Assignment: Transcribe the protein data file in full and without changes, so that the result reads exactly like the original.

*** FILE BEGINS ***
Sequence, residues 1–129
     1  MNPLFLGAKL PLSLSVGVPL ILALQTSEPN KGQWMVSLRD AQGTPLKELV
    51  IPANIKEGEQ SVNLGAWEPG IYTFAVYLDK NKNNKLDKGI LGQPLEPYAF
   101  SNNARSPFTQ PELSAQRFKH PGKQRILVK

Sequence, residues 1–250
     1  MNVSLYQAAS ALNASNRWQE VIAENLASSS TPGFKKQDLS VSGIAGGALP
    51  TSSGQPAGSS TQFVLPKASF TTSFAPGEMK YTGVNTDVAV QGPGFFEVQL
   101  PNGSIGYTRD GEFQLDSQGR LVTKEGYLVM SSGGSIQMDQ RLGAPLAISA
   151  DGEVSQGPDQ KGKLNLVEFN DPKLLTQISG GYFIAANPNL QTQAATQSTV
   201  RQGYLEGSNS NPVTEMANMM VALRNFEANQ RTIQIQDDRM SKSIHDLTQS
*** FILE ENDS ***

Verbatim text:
Sequence, residues 1–129
     1  MNPLFLGAKL PLSLSVGVPL ILALQTSEPN KGQWMVSLRD AQGTPLKELV
    51  IPANIKEGEQ SVNLGAWEPG IYTFAVYLDK NKNNKLDKGI LGQPLEPYAF
   101  SNNARSPFTQ PELSAQRFKH PGKQRILVK

Sequence, residues 1–250
     1  MNVSLYQAAS ALNASNRWQE VIAENLASSS TPGFKKQDLS VSGIAGGALP
    51  TSSGQPAGSS TQFVLPKASF TTSFAPGEMK YTGVNTDVAV QGPGFFEVQL
   101  PNGSIGYTRD GEFQLDSQGR LVTKEGYLVM SSGGSIQMDQ RLGAPLAISA
   151  DGEVSQGPDQ KGKLNLVEFN DPKLLTQISG GYFIAANPNL QTQAATQSTV
   201  RQGYLEGSNS NPVTEMANMM VALRNFEANQ RTIQIQDDRM SKSIHDLTQS